Japan: Winter Wildlife Safari 2013: Day 1

A truly amazing start to an amazing safari!  Starting early with the rare and endangered Japanese red crowned cranes in the river, we moved timeously to catch their arrival at a nearby crane sanctuary, before the real highlight of the day, the interaction between several white-tailed eagles and the cranes.  We finished up with a sunset shoot, watching and photographing the cranes as they flew over the sunset.

Major sightings of the day:

  • Many Japanese red crowned cranes.  (Great interaction between the cranes and the white-tailed eagles)
  • White-tailed eagles
  • Stellar sea eagle
  • Red foxes

The Polar Bear Safari 2012: Day 3

We woke up to beautiful clear skies, and it seems the good weather brought the bears out!  We spent a solid four hours in the company of the great bears, which filled the memory cards in all the cameras.  A red fox made a brief appearance, and a small flock of the elusive ptarmigans showed themselves after being flushed by one of the bears.

Major sightings of the day:

  • Five different polar bears.  The real magic was spending four hours of the day with the bears close by.
  • Red fox
  • Ptarmigans

The Polar Bear Safari 2012: Day 2

Setting out in a light snowfall, we had another great day, which included 4 new bear sightings; one of the bears spent a good hour standing over a seal’s breathing hole waiting for his meal to pop out of the ice – hats off to his patience.  We also spent some time checking out a wrecked ship, that now stands completely iced in, and made for some interesting images.  The Northern lights were out again in full force, and we took a short trip out of town to maximise the photo opportunities – well worth it!

Major sightings of the day:

  • Four different polar bears
  • An amazing two hour northern lights display

The Polar Bear Safari 2012: Day 1

Amazing start to a great Safari!  The day started with a 60km/h+ wind storm which set the mood for the day’s images.  Five different polar bears were seen, two of which were active, even in the winds, and one chap who spent close to two hours walking around us – fantastic!  After dinner, an amazing Northern Lights display made for some awesome images.

Major sightings of the day:

  • Five different Polar Bears, the highlight being spending two hours with one male
  • Ptarmigan
  • Aurora Borealis (the Northern Lights)

The Great Migration Safari – A little teaser

Having recently come back from Kenya, and having witnessed the most incredible wildlife spectacle first hand, I thought it was only fair to share with you some of the madness!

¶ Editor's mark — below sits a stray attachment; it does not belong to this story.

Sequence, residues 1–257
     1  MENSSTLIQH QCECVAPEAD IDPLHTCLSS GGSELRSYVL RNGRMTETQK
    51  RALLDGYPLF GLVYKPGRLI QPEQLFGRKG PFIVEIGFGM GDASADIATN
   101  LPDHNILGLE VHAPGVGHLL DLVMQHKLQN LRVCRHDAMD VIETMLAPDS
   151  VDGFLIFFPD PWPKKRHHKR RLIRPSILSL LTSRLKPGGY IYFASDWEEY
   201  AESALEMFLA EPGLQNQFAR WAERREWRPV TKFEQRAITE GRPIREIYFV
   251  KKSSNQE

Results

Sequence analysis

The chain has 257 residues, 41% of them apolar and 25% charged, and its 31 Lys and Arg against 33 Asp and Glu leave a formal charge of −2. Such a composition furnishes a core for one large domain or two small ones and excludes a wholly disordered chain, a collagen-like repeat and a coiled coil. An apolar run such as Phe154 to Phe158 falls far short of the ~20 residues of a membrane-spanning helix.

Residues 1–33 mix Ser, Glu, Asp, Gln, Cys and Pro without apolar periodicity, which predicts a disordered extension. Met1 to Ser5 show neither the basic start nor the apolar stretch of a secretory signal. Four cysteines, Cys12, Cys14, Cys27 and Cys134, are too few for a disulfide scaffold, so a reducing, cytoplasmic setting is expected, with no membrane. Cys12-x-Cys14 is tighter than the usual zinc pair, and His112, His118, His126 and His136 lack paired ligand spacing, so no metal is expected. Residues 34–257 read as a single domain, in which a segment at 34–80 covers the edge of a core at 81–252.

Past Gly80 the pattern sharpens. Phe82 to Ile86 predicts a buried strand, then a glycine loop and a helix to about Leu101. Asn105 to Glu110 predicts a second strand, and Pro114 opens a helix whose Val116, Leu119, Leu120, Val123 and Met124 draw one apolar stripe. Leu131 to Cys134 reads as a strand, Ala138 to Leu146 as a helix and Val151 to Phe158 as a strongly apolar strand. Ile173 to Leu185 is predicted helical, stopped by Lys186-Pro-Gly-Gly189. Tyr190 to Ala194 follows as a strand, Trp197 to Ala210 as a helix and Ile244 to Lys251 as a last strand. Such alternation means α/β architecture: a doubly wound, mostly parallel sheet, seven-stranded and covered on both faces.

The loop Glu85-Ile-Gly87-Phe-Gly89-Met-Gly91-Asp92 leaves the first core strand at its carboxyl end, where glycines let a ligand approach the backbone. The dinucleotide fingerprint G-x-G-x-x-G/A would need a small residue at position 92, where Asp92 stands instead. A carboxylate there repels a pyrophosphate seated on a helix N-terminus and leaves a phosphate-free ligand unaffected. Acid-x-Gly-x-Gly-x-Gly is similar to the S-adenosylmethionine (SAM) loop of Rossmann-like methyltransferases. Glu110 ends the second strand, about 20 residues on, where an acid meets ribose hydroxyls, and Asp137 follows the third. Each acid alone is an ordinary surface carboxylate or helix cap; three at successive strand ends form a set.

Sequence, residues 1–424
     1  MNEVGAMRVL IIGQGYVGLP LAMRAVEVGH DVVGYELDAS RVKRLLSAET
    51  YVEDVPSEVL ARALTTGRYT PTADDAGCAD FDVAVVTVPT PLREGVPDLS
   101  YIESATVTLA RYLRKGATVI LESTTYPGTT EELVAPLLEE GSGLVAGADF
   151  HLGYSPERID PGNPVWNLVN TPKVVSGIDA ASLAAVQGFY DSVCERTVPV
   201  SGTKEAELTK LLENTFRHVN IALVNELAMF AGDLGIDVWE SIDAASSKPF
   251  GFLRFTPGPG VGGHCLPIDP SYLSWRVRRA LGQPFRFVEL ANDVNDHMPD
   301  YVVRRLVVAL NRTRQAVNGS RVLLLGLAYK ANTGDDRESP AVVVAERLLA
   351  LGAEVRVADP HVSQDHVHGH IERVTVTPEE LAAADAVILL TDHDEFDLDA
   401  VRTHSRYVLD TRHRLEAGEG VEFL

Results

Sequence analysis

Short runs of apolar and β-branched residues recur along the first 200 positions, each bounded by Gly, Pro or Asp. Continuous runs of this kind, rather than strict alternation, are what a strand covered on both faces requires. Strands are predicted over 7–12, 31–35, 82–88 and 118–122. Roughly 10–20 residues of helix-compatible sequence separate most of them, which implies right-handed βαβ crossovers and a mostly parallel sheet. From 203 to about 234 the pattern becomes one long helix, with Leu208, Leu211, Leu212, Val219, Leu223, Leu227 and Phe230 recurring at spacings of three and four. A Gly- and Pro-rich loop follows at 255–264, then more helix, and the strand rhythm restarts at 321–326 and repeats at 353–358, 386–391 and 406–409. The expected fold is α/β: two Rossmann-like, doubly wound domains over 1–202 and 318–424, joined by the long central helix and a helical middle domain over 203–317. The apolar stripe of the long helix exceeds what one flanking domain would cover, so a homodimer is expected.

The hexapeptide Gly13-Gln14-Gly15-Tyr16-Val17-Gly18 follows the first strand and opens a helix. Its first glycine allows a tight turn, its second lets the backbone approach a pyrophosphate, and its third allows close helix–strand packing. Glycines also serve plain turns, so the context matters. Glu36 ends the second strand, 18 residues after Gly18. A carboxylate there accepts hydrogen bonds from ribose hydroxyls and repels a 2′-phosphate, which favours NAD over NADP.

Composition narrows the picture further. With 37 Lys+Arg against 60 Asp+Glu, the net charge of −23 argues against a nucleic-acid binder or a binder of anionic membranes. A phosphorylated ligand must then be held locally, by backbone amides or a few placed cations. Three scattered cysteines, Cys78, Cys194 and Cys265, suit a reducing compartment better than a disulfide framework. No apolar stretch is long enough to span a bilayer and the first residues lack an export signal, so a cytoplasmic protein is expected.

I will be leading The Great Migration Safari again next year, and am already looking forward to getting back amongst the tens of thousands of wildebeest as they gather on the banks of the Mara River waiting to cross, as well as all the predators that roam those beautiful, wide open plains.  The photographic opportunities are endless, as animals seem to constantly fill the viewfinder of your camera.  It really isn’t fair that one place on earth can have so many animals, with so much diversity!  It is a photographic safari like no other.

It does all come down to the famous crossing of the Mara River though. There is something about that experience which is quite difficult to explain – you can watch it on TV a hundred times, but you will never get the level of panic at each crossing.  The wildebeest herd is extremely sensitive, which seems odd given that they are not the sharpest animals around, and even the slightest disturbance will turn the mega herd around, delaying the crossings.  They seem to do their best not to cross, but the overwhelming instinctive drive eventually pushes them to do it. The tension that emulates from the herd is palpable, as they pluck up the courage to start the crossing.  Eventually, one brave/stupid/pushed wildebeest makes the leap of faith, and is rapidly followed but the rest of the herd.  The tension climbs to a maximum in seconds as literally tens of thousands of wildebeest and a few hundred zebra hustle to get across the most daunting challenge that faces them on their yearly migration.  Add a crocodile to the mix, and the panic reaches melting point.  The wildebeest do their best, but many succumb to the strong current, and even stronger crocodiles.  The only way to truly understand what happens each year, and what has happened for millions of years, is to experience it.

Have a look at the little teaser I have posted for you, which should whet your appetite!  If you would like to join me on next year’s safari, click here!

See you soon on Safari!

Kurt Jay Bertels